PubMed Abstract | CrossRef Full Text | Google Scholar

Xia, Y. K., Zeng, Y. R., Zhang, M. L., Liu, P., Liu, F., Zhang, H., et al. (2021). Tumor-derived neomorphic mutations in ASXL1 impairs the BAP1-ASXL1-FOXK1/K2 transcription network. Protein Cell 12, 557–577. doi:10.1007/s13238-020-00754-2

PubMed Abstract | CrossRef Full Text | Google Scholar

Xu, K., Wu, Z. J., Groner, A. C., He, H. H., Cai, C., Lis, R. T., et al. (2012). EZH2 oncogenic activity in castration-resistant prostate cancer cells is polycomb-independent. Science 338, 1465–1469. doi:10.1126/science.1227604

PubMed Abstract | CrossRef Full Text | Google Scholar

Yang, W., Lee, Y. H., Jones, A. E., Woolnough, J. L., Zhou, D., Dai, Q., et al. (2014). The histone H2A deubiquitinase Usp16 regulates embryonic stem cell gene expression and lineage commitment. Nat. Commun. 5, 3818. doi:10.1038/ncomms4818

PubMed Abstract | CrossRef Full Text | Google Scholar

Youmans, D. T., Schmidt, J. C., and Cech, T. R. (2018). Live-cell imaging reveals the dynamics of PRC2 and recruitment to chromatin by SUZ12-associated subunits. Genes Dev. 32, 794–805. doi:10.1101/gad.311936.118

PubMed Abstract | CrossRef Full Text | Google Scholar

Yuan, G., Ma, B., Yuan, W., Zhang, Z., Chen, P., Ding, X., et al. (2013). Histone H2A ubiquitination inhibits the enzymatic activity of H3 lysine 36 methyltransferases. J. Biol. Chem. 288, 30832–30842. doi:10.1074/jbc.M113.475996

PubMed Abstract | CrossRef Full Text | Google Scholar

Yuan, W., Xu, M., Huang, C., Liu, N., Chen, S., and Zhu, B. (2011). H3K36 methylation antagonizes PRC2-mediated H3K27 methylation. J. Biol. Chem. 286, 7983–7989. doi:10.1074/jbc.M110.194027

PubMed Abstract | CrossRef Full Text | Google Scholar

Yusufova, N., Kloetgen, A., Teater, M., Osunsade, A., Camarillo, J. M., Chin, C. R., et al. (2021). Histone H1 loss drives lymphoma by disrupting 3D chromatin architecture. Nature 589, 299–305. doi:10.1038/s41586-020-3017-y

PubMed Abstract | CrossRef Full Text | Google Scholar

Zauderer, M. G., Szlosarek, P. W., Le Moulec, S., Popat, S., Taylor, P., Planchard, D., et al. (2022). EZH2 inhibitor tazemetostat in patients with relapsed or refractory, BAP1-inactivated malignant pleural mesothelioma: A multicentre, open-label, phase 2 study. Lancet. Oncol. 23, 758–767. doi:10.1016/S1470-2045(22)00277-7

PubMed Abstract | CrossRef Full Text | Google Scholar

Zhang, J., Ding, L., Holmfeldt, L., Wu, G., Heatley, S. L., Payne-Turner, D., et al. (2012). The genetic basis of early T-cell precursor acute lymphoblastic leukaemia. Nature 481, 157–163.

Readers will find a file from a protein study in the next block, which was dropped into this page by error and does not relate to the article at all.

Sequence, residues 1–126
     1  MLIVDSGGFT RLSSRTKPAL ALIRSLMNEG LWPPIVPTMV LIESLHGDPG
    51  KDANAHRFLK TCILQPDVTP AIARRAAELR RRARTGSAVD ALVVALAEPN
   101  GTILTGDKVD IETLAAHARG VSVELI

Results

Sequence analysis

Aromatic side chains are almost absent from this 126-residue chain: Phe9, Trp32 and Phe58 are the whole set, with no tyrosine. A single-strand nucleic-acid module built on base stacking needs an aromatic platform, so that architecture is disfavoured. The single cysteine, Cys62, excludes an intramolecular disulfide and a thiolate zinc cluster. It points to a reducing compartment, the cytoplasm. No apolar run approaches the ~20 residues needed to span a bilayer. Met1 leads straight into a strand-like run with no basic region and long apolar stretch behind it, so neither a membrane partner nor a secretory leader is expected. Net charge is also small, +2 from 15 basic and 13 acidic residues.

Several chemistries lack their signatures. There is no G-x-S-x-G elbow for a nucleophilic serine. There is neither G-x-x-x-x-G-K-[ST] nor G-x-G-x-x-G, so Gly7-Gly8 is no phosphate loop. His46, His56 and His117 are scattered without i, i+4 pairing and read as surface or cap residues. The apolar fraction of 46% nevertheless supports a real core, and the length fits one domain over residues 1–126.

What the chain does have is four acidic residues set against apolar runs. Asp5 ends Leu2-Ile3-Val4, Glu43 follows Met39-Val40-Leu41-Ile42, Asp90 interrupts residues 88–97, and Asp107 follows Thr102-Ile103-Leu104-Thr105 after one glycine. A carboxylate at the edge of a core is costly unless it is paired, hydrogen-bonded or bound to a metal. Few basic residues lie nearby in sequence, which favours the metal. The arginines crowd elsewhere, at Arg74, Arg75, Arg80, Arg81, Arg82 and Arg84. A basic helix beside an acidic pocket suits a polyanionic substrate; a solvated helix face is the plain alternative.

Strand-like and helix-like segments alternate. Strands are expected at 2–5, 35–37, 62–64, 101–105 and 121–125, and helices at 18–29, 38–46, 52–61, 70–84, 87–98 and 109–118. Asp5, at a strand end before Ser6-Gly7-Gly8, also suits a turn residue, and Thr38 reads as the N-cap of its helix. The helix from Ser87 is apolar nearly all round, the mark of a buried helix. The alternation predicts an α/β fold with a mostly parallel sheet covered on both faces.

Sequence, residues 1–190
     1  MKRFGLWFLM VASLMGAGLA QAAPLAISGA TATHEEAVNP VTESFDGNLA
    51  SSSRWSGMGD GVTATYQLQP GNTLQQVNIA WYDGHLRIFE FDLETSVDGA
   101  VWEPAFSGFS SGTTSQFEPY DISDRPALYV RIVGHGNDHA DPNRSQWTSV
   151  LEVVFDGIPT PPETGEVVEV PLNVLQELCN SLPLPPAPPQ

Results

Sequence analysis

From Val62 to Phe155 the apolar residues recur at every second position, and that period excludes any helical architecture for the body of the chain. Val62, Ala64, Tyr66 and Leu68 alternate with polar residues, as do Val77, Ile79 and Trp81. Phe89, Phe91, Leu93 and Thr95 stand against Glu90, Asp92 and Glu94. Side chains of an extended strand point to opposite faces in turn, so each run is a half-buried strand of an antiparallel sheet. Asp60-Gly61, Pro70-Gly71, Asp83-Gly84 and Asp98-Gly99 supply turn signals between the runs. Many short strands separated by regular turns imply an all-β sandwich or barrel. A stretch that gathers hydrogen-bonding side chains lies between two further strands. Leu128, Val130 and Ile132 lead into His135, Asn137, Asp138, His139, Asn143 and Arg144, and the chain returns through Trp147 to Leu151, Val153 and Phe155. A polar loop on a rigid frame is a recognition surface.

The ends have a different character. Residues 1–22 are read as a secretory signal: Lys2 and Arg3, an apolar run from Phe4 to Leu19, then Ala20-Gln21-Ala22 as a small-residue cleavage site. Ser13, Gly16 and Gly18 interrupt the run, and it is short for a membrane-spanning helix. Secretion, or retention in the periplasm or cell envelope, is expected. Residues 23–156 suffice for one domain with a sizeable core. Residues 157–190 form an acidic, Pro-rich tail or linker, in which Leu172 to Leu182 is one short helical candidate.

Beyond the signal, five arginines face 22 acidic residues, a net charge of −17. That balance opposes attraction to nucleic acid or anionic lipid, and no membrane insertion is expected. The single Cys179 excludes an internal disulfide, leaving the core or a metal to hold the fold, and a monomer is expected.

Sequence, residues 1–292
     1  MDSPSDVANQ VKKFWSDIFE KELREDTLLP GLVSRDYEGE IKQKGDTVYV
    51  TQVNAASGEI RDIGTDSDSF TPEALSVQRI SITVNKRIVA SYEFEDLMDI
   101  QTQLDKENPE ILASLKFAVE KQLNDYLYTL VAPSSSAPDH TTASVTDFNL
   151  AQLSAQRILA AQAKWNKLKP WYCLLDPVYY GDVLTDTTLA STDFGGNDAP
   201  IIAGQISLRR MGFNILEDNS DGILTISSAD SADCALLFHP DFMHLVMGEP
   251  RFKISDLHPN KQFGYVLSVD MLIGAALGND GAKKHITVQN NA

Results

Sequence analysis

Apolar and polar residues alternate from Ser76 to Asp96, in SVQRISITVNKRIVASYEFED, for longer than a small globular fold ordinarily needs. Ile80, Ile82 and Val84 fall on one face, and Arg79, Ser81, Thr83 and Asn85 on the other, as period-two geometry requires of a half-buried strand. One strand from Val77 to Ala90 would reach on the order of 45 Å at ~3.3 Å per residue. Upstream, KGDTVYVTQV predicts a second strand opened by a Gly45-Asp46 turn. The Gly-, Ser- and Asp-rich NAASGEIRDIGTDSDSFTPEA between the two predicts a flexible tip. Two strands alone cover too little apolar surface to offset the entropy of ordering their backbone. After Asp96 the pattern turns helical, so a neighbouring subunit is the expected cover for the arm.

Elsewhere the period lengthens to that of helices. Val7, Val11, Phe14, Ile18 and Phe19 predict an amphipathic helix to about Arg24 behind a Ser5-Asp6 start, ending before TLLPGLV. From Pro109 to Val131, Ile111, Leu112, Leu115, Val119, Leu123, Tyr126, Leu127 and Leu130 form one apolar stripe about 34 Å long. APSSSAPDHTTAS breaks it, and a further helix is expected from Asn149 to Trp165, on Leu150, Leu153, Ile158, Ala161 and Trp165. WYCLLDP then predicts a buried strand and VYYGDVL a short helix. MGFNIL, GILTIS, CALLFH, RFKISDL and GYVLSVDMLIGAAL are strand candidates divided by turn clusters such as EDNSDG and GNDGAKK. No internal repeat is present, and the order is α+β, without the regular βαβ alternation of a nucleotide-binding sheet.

PubMed Abstract | CrossRef Full Text | Google Scholar

Zhang, M., Wang, Y., Jones, S., Sausen, M., Mcmahon, K., Sharma, R., et al. (2014). Somatic mutations of SUZ12 in malignant peripheral nerve sheath tumors. Nat. Genet. 46, 1170–1172. doi:10.1038/ng.3116

PubMed Abstract | CrossRef Full Text | Google Scholar

Zhang, Q., Agius, S. C., Flanigan, S. F., Uckelmann, M., Levina, V., Owen, B. M., et al. (2021a). PALI1 facilitates DNA and nucleosome binding by PRC2 and triggers an allosteric activation of catalysis. Nat. Commun. 12, 4592. doi:10.1038/s41467-021-24866-3

PubMed Abstract | CrossRef Full Text | Google Scholar

Zhang, Y., Chan, H. L., Garcia-Martinez, L., Karl, D. L., Weich, N., Slingerland, J. M., et al. (2020). CRL4DCAF1/VprBP E3 ubiquitin ligase controls ribosome biogenesis, cell proliferation, and development. Sci. Adv. 6, eabd6078. doi:10.1126/sciadv.abd6078

PubMed Abstract | CrossRef Full Text | Google Scholar

Zhang, Y., Liu, T., Yuan, F., Garcia-Martinez, L., Lee, K. D., Stransky, S., et al. (2021b). The Polycomb protein RING1B enables estrogen-mediated gene expression by promoting enhancer-promoter interaction and R-loop formation. Nucleic Acids Res. 49, 9768–9782. doi:10.1093/nar/gkab723

PubMed Abstract | CrossRef Full Text | Google Scholar

Zhang, Z., Luo, L., Xing, C., Chen, Y., Xu, P., Li, M., et al. (2021c). RNF2 ablation reprograms the tumor-immune microenvironment and stimulates durable NK and CD4(+) T-cell-dependent antitumor immunity. Nat. Cancer 2, 1018–1038. doi:10.1038/s43018-021-00263-z

PubMed Abstract | CrossRef Full Text | Google Scholar

Zhao, J., Wang, M., Chang, L., Yu, J., Song, A., Liu, C., et al. (2020). RYBP/YAF2-PRC1 complexes and histone H1-dependent chromatin compaction mediate propagation of H2AK119ub1 during cell division. Nat. Cell Biol. 22, 439–452. doi:10.1038/s41556-020-0484-1

PubMed Abstract | CrossRef Full Text | Google Scholar

Zhen, C. Y., Duc, H. N., Kokotovic, M., Phiel, C. J., and Ren, X. (2014). Cbx2 stably associates with mitotic chromosomes via a PRC2- or PRC1-independent mechanism and is needed for recruiting PRC1 complex to mitotic chromosomes. Mol. Biol. Cell 25, 3726–3739. doi:10.1091/mbc.E14-06-1109

PubMed Abstract | CrossRef Full Text | Google Scholar

Zhou, B. R., Feng, H., Kale, S., Fox, T., Khant, H., De Val, N., et al. (2021). Distinct structures and dynamics of chromatosomes with different human linker histone isoforms. Mol. Cell 81, 166–182 e6. doi:10.1016/j.molcel.2020.10.038

PubMed Abstract | CrossRef Full Text | Google Scholar

Zhu, P., Zhou, W., Wang, J., Puc, J., Ohgi, K. A., Erdjument-Bromage, H., et al. (2007). A histone H2A deubiquitinase complex coordinating histone acetylation and H1 dissociation in transcriptional regulation. Mol. Cell 27, 609–621. doi:10.1016/j.molcel.2007.07.024

PubMed Abstract | CrossRef Full Text | Google Scholar

Keywords: Polycomb, H2AK119ub1, H3K27me3, chromatin architecture, cancer, compaction, transcription

Citation: Doyle EJ, Morey L and Conway E (2022) Know when to fold ‘em: Polycomb complexes in oncogenic 3D genome regulation. Front. Cell Dev. Biol. 10:986319. doi: 10.3389/fcell.2022.986319

Received: 05 July 2022; Accepted: 04 August 2022;
Published: 29 August 2022.

Edited by:

Prasad Pethe, Symbiosis International University, India

Reviewed by:

Cristina Pina, Brunel University London, United Kingdom
Hengbin Wang, Virginia Commonwealth University, United States

Copyright © 2022 Doyle, Morey and Conway. This is an open-access article distributed under the terms of the Creative Commons Attribution License (CC BY). The use, distribution or reproduction in other forums is permitted, provided the original author(s) and the copyright owner(s) are credited and that the original publication in this journal is cited, in accordance with accepted academic practice. No use, distribution or reproduction is permitted which does not comply with these terms.

*Correspondence: Lluis Morey, lmorey@med.miami.edu; Eric Conway, eric.conway@ucd.ie

Download